If there is no change in character, if righteousness doesn’t show up, then you didn’t get God’s grace. If there’s no new life, you’ve not become a servant of righteousness, there’s no sanctification and progress in faith, then grace didn’t show up.

You don’t prove you have God’s grace by how little you do; you prove you have God’s grace because you are able to do, and desire to do, what God says.

And God is able to make all grace abound toward you; that ye, always having all sufficiency in all things, may abound to every good work
–2 Corinthians 9:8

Cain and Abel and Who Can You Listen To?

The point of Cain and Abel is that we don’t like people who make us look bad. Instead of reforming our ways, we’ll eliminate those who look better. People who look better than you, show that it’s possible to be better. How annoying.

Therefore, humanity decides not to listen to people who are better than us.

Here’s the funny thing though: we don’t listen to people who are worse than us either!

Why would I listen to someone beneath me? Humans ignore people who are beneath us.

This leaves humanity in an odd place of only listening to people who we deem to be on our level, which is about four people. Maybe. Depends on what day it is. Probably only two on average.

Humans don’t listen. That’s why faith is hard. Faith comes by hearing. We don’t hear.

God is infinitely better than us. When God became flesh and dwelt among us; we killed Him.

At the same time, people constantly judge God for all His wrath and why He does things the way He does and “if I were God” I would certainly run things differently.

God is simultaneously above us and beneath us, bottom line then is that we don’t listen to Him. Not a chance. We can’t figure out what level He’s on, but we know it aint ours.

Learn to listen. This doesn’t mean you agree with everything, but be careful of dismissing people. If they annoy you with their smarts, chill. You can learn from people who are smarter than you. If they annoy you with their lack of hygiene and mental insight, chill. Knowledge puffs up, there are a lot of dumb smart people out there. Sometimes getting a fresh, uneducated opinion is refreshing and insightful.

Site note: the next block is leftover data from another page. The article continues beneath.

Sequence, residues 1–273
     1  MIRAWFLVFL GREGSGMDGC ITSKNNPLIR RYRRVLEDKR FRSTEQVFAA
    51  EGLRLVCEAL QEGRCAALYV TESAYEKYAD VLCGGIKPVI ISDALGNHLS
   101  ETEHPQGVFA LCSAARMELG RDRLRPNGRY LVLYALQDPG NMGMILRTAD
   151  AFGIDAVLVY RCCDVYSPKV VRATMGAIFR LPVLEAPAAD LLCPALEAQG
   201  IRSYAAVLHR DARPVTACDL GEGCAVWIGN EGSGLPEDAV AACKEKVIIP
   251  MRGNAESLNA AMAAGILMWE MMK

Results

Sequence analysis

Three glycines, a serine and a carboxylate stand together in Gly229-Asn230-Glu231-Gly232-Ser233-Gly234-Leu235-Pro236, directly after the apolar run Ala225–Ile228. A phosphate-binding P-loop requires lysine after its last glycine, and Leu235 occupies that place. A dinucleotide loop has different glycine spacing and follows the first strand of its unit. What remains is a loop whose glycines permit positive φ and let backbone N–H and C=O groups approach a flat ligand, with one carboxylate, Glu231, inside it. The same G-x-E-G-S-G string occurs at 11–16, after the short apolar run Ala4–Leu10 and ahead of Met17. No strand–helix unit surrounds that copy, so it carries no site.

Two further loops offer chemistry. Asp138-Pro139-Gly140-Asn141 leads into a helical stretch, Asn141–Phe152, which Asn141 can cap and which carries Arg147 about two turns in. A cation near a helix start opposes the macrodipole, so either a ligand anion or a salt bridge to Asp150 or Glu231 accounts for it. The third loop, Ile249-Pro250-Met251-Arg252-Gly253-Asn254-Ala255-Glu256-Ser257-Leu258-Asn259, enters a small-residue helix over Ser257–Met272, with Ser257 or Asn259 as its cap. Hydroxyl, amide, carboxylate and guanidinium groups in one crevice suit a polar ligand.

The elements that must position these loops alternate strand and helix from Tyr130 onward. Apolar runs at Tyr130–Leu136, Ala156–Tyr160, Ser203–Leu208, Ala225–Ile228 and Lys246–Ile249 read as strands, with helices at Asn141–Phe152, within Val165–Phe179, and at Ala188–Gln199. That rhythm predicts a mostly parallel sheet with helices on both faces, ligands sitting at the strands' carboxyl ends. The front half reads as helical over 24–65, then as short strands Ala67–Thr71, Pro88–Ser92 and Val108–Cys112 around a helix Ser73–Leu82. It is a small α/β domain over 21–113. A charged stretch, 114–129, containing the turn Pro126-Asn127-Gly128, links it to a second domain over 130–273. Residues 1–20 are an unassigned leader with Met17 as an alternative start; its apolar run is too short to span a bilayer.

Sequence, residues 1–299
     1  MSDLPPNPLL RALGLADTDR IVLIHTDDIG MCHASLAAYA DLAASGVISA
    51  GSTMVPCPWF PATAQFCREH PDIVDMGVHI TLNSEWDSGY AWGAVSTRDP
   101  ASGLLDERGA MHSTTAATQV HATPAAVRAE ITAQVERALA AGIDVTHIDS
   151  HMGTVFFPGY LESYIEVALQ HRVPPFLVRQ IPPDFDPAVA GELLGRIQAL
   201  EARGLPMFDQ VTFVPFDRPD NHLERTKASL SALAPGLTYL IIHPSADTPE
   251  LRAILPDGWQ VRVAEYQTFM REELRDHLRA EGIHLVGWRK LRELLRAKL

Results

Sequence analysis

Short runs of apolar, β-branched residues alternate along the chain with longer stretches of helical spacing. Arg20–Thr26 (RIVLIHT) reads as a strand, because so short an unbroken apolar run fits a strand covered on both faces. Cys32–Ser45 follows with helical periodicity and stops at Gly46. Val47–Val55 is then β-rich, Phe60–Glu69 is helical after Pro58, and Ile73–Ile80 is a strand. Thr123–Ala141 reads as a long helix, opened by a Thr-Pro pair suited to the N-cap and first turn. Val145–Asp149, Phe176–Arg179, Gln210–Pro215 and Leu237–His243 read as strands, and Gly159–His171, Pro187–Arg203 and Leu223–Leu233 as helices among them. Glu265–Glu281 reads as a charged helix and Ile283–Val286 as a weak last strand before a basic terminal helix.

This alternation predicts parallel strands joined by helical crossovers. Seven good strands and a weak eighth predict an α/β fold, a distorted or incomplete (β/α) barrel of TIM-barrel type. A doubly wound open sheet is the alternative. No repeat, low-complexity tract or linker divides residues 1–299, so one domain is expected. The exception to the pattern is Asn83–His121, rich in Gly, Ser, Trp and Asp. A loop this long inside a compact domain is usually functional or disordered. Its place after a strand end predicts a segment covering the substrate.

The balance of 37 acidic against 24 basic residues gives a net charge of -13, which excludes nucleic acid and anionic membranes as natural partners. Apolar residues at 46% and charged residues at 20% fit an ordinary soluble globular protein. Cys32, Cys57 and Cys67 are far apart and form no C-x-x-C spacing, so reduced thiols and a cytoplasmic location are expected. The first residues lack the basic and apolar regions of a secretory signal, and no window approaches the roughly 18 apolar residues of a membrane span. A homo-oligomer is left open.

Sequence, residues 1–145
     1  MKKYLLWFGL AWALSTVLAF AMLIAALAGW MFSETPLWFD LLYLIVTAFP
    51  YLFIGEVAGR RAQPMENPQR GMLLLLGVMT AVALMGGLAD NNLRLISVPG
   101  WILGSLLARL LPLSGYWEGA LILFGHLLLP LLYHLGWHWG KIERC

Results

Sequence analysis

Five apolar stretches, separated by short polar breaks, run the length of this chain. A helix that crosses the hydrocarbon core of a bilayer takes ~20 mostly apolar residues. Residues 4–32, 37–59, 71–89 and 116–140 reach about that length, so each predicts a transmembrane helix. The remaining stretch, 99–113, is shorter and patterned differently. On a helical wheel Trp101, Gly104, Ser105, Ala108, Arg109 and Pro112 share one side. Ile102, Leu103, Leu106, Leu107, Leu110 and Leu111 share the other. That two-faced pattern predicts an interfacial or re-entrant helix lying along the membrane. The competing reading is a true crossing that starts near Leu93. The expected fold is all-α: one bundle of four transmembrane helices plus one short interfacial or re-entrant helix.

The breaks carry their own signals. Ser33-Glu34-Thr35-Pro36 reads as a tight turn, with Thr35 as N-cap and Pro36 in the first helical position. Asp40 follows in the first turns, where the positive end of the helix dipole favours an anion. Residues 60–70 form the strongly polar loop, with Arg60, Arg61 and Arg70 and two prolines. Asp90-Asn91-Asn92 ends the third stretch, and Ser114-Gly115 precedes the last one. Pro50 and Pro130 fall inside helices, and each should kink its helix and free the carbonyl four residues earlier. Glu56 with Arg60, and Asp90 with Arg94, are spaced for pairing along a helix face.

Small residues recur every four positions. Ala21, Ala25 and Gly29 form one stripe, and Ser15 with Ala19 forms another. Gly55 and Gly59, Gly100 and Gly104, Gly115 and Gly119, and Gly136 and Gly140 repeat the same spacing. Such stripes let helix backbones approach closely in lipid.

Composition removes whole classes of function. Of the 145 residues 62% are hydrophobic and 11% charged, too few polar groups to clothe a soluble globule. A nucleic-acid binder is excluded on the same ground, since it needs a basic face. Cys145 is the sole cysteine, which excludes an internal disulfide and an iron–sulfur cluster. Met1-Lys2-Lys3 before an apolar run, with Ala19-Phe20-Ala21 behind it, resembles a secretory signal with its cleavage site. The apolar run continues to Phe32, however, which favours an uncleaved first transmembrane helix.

Don’t cross people off your list because of how they look, think, or smell.

This is very difficult. I’m not saying I’m the expert at this, but I do think it’s true. As Paul said, “Prove all things, hold fast to that which is good.”

Doing that is hard. It takes study and thought. That’s why your brain makes assumptions about people based on their appearance and intellectual attainments. It’s easier to dismiss someone for who they are than it is to think about what they are saying.

In the end, listening is the backbone of faith. Faith is a big deal in Christianity. Learn to listen, and above all, learn to listen to God. He has the words of eternal life. Everything God says is good, you can let down your guard with Him.

For people, test the spirits. Hold fast to that which is good. Every person says stupid stuff. Be discerning, do the work and be gentle with those you deem are wrong, cuz it might be you.

Unger’s Dictionary on Moses Being Meekest Man on Earth

Numbers 12:3 says, “Now the man Moses was very meek, above all the men which were upon the face of the earth.

This is often laughed at because Moses wrote the Book of Numbers, therefore, Moses is saying he is the meekest man on the earth! How does the meekest man on earth say such a thing about himself?!